Years ago I passed up two opportunities to accept tenure-track professor positions in English/Creative Writing at two universities, in part because I thought I could have an equally positive impact at the community college level (and especially in Tulare County, for the most recent census has noted that nearly 60% of the county's population is "Hispanic"--I much prefer the term Latino); after all, unlike many four-year institutions, two-year colleges literally accept any adult, and that all-inclusive atmosphere has certainly made my classrooms both lively and memorable. Still, both university job offers came partly because I had at least satisfied one common requirement for tenure-track positions at most publicly funded universities: I had earned the appropriate terminal degree, an MFA, in my area of specialization.
But, when I accepted my current position in 1991 (I had never taught at a community college before 1991: my previous teaching posts were at two University of California campuses--and, yes, I did have to "adjust" my expectations and standards), I was the only MFA degree holder regardless of discipline (i.e., creative writing, 2-D or 3-D art, drama/theater arts, etc.) at College of the Sequoias (COS). In contrast, the majority of faculty who teach at two-year colleges have either an MA or an MS degree. In 1991, I was the lone MFA fish in my pond, so to speak, but graduate programs that confer MFAs have since increased dramatically in number; hence, I'm no longer in that position at COS.
However, the same lack of knowledge I first encountered in 1991 about MFA degrees still seems to be the norm at most community colleges--and that sad fact can have serious implications (that involve life-long earnings and even retirement annuities) for those who've earned these terminal degrees that are the equivalent of PhD degrees.
I first became acquainted with the MFA degree when I took my first creative writing workshop at a community college back in the mid 1970s: My creative writing professor had an MFA from the University of California at Irvine. And he made it a point to explain to us why his degree was quite different than those held by the majority of his colleagues: A PhD holder in English literature or composition is primarily a historian or critic or student of a body of work or an area of study, whereas an MFA holder in English is primarily a creator of literature (often poetry or fiction, though drama and creative non-fiction are also gaining currency in graduate writing programs): the PhD recipient explains works of literature or literary theories by others, but the MFA recipient creates works of literature. Essentially, if one takes literature or theory courses, one examines literature by well-known authors; if one takes creative writing workshops, one produces literature that's critiqued by workshop participants and professors.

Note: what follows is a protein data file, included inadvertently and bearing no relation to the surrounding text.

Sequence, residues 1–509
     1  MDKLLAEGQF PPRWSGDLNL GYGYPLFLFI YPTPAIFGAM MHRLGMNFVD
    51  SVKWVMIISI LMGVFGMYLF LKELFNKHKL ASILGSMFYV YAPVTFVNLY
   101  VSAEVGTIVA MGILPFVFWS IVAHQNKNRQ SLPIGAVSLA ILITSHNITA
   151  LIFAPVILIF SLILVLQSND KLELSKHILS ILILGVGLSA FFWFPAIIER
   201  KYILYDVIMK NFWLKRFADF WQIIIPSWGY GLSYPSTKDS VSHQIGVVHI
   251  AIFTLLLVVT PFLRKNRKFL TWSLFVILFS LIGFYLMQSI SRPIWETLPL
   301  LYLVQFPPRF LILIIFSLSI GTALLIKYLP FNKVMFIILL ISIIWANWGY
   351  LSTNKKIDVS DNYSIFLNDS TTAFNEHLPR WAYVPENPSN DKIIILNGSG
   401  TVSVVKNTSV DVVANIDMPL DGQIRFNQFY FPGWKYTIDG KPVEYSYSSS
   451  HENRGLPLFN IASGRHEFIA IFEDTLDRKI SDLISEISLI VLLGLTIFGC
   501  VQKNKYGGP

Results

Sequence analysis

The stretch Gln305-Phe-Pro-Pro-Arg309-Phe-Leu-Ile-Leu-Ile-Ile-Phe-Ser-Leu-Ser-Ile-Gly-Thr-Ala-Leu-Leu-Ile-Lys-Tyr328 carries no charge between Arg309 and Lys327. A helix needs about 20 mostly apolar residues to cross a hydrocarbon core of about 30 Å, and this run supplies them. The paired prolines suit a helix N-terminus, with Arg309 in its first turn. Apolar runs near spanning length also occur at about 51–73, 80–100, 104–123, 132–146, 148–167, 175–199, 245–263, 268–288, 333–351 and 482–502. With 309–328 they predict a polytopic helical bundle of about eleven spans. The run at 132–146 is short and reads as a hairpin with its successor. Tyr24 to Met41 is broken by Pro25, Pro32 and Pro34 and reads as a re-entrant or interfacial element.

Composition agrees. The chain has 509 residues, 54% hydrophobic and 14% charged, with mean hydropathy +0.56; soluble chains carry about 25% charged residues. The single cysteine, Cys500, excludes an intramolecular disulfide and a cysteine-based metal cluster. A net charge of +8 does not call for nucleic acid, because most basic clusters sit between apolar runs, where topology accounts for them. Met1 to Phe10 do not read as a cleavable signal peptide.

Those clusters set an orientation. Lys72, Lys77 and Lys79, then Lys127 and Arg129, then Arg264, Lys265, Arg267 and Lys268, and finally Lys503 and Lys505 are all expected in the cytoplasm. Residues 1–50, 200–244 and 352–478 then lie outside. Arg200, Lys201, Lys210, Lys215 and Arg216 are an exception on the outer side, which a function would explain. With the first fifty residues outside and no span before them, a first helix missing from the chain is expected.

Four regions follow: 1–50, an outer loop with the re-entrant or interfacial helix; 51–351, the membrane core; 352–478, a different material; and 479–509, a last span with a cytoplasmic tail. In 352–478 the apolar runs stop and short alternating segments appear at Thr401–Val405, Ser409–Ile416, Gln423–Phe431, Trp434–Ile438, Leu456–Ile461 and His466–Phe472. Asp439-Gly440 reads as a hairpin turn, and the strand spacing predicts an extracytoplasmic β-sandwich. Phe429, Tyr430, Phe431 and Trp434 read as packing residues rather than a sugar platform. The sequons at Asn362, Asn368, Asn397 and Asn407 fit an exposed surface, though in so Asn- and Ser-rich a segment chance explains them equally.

Consequently, the goals of those earning such terminal degrees are totally different: a PhD candidate studies literature, an MFA candidate produces literature. And every literature course uniformly adheres to one vital aspect: the students' writings never take center stage in their seminars. In contrast, every creative writing workshop emphasizes the students' writings.
The formal coursework for either an MFA or a PhD candidate usually comprises two years of full-time study (most MFA/PhD degree programs require approximately 54-60 semester units beyond the BA level; in contrast, most MA/MS degree programs require approximately 24-30 semester units beyond the BA level); however, some MFA/PhD candidates may opt to lessen their coursework loads in the face of required teaching duties and writing schedules and, thus, take three or even four years to complete their coursework--this depends on a program's protocols and residency requirements. Still, someone who's quite gifted as a student and as a writer could complete an MFA or PhD in as little as two years (but three to five years is a more commonplace time period for some to earn either an MFA or a PhD).
The dissertations/theses for PhD and MFA candidates have one important commonality: they must be book-length works of publishable quality. As for MA/MS theses, they're often 25-40 page articles--and articles are not book-length works. No wonder many MFA and PhD programs give candidates from five to seven years to complete their degrees. In fact, if one examines the unit requirements for many MFA/PhD programs, one will realize that the majority of PhDs take more than three years to complete their degrees because of the time needed to complete their dissertations: again, formal coursework can usually be completed in two years. Given the fact that PhD candidates rarely take courses that focus on evaluating and improving their writing skills, the plethora of ABDs (all but dissertations) should not be surprising: Most PhD candidates are not formally trained as writers of academic non-fiction prose.